[cnn-photo-caption image= http://i.l.cnn.net/cnn/2008/images/02/09/art.hrcorono.ap.jpg caption="Sen. Clinton campaigned in Orono, Maine Saturday."]
ORONO, Maine (CNN) – Senator Hillary Clinton took issue Saturday with the notion put forward by the Obama campaign that party superdelegates should vote the way of their states and districts.
“Superdelegates are by design supposed to exercise independent judgment, that is the way the system works,” she told reporters after a town hall in Orono, Maine. “If Sen. Obama and his campaign continue to push this position which is really contrary to what the definition of a super delegate has historically been then I look forward to receiving the support of Sen. Kennedy and Sen. Kerry.”
Obama picked up the highly publicized endorsements of both Massachusetts senators only to lose the state to Clinton in last Tuesday’s primary.
Clinton said she thought super delegates often had the unique position of having “first-hand knowledge of the candidates” and “if people want to go after delegates in places that I’ve won who are supporting somebody else, what’s good for the goose is good for the gander.”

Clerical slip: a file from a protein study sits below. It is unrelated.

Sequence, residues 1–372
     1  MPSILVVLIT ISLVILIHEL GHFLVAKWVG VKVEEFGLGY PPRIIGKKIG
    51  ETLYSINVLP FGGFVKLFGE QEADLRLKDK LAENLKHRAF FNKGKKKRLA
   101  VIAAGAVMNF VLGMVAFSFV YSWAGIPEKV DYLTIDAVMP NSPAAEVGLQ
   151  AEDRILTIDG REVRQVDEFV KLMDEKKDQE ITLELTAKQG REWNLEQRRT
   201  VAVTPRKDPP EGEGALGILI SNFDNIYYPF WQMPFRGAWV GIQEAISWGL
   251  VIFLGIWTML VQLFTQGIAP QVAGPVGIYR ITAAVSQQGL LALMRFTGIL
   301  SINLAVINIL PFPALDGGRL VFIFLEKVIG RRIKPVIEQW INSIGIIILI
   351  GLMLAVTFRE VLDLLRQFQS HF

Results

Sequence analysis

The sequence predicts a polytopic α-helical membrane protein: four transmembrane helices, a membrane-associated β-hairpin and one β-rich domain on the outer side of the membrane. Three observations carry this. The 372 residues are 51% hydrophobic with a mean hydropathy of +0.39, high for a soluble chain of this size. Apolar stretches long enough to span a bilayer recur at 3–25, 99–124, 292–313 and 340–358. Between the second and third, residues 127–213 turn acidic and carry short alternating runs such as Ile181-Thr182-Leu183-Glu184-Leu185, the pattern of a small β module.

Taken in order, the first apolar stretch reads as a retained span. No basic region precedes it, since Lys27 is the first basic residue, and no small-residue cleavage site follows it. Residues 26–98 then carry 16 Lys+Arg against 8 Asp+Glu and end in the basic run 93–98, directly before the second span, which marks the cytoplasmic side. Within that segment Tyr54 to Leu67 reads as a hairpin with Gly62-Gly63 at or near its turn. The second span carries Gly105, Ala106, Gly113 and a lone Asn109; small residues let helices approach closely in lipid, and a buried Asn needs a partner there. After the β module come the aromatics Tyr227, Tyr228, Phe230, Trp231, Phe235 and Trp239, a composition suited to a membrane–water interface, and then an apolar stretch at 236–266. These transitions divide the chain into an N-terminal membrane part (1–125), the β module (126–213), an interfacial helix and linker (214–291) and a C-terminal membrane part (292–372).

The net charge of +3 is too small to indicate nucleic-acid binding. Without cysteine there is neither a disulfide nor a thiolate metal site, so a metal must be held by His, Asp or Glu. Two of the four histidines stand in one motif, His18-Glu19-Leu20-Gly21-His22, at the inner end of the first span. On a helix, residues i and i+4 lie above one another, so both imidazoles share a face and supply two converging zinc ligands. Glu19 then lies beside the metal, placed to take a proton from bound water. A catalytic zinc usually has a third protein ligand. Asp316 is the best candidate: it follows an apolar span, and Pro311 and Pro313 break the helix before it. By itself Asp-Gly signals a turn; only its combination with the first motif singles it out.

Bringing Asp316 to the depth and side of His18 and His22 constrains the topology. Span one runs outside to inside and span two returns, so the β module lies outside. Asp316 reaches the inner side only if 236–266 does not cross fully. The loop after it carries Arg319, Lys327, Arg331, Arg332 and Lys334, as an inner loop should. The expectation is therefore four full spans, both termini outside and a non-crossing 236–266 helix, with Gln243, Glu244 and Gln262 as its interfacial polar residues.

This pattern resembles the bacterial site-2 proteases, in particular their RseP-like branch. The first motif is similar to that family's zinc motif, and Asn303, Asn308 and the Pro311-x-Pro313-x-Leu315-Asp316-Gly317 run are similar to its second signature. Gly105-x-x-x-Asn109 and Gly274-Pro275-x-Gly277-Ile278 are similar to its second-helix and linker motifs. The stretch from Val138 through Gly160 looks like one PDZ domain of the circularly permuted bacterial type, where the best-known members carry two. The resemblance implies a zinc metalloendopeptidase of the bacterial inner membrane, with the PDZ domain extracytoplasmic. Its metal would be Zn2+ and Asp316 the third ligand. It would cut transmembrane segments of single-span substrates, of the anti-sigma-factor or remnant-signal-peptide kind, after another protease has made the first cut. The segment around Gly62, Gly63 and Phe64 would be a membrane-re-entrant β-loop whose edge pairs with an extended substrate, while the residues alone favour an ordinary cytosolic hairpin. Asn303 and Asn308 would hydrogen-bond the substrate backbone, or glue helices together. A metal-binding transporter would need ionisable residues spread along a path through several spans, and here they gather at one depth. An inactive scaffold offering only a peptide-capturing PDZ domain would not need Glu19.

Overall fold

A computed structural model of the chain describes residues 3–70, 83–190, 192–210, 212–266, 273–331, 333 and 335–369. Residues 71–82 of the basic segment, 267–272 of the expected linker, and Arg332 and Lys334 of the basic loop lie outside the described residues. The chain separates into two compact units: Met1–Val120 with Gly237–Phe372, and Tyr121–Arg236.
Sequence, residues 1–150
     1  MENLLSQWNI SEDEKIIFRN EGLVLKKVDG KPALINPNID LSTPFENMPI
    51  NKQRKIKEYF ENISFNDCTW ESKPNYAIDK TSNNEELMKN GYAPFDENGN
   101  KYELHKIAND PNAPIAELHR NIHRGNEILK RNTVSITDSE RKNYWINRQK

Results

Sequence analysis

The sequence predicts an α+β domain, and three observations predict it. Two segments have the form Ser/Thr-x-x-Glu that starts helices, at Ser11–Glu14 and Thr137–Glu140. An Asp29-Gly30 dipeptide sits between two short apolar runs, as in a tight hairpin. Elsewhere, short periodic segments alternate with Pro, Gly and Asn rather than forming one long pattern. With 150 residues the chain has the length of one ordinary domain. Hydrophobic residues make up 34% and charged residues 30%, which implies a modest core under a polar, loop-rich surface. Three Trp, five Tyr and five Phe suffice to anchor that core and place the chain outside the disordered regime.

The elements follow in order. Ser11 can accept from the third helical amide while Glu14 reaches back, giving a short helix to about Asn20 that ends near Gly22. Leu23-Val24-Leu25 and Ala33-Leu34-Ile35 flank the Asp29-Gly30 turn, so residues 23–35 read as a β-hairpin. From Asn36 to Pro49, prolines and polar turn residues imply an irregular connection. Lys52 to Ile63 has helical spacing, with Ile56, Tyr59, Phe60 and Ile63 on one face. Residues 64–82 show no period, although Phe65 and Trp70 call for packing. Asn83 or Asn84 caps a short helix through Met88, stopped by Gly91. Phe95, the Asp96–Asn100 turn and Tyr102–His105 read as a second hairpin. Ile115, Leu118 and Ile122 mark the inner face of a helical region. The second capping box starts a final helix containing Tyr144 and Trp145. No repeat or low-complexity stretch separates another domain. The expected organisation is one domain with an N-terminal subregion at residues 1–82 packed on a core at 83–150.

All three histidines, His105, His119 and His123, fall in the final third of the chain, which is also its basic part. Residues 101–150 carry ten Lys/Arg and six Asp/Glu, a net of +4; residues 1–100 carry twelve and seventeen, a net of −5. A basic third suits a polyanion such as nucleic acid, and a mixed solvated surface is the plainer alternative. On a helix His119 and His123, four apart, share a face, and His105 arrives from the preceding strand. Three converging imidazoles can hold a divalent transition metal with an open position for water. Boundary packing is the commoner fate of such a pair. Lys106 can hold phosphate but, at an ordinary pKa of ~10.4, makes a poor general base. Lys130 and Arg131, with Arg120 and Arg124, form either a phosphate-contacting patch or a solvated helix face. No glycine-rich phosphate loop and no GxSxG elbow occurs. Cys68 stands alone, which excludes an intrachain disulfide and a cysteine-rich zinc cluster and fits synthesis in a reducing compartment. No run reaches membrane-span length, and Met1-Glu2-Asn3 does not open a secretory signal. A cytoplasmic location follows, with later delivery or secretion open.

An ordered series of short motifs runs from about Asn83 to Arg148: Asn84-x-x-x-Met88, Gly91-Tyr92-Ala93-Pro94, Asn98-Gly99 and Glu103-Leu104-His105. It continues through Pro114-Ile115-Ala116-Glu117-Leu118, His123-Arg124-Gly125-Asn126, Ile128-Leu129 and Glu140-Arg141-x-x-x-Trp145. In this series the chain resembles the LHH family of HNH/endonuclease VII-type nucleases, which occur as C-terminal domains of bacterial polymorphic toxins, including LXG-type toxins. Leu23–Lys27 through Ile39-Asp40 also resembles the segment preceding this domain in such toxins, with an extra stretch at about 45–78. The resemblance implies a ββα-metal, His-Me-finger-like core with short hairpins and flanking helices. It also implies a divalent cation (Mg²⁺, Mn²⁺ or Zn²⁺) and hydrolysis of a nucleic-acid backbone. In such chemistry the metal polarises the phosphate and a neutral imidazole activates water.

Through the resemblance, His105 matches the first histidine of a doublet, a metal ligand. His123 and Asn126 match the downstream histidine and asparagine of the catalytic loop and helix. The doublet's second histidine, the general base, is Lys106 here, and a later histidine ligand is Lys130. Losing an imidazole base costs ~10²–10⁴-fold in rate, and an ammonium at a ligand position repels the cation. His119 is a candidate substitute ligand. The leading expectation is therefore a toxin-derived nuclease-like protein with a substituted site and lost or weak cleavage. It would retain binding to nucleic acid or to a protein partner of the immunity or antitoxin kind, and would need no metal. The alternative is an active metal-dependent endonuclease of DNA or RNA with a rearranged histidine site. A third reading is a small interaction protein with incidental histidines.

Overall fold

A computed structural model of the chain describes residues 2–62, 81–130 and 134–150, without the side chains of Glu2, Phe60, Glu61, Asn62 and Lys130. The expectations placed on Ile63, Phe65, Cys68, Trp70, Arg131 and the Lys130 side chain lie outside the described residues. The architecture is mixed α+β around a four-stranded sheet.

There seems to be a growing consensus that if the contests play out as expected, both Clinton and Obama will essentially be tied in pledged delegates at the end of the primary season – leaving it to super delegates to decide the race.
Clinton said “anything can happen in politics” and said she could envision a scenario where conventional wisdom is turned on its ear and either her or Obama comes out a winner – “you all covered me in New Hampshire you know anything can happen in a campaign.”
According to the most recent CNN count, Hillary Clinton has the support of 223 superdelegates, and Barack Obama has the support of 131.
In recent days, the Clinton campaign has sought to portray Obama as running “an establishment race” given his hefty war chest and string of high profile backers.
“He [Obama] has increasingly relied on big endorsements and celebrities to sort of attach himself to to get the kind of validation that comes from that sort of endorsement,” Clinton said. “He has increasingly, in my view, really tailored his positions so that they are more establishment oriented, like giving up on universal health care.”
The New York senator will spend most of Saturday in Maine where voters will head out tomorrow to caucus. She ends her day in Richmond at that state’s Democratic party Jefferson Jackson dinner.
–CNN Senior Political Producer Sasha Johnson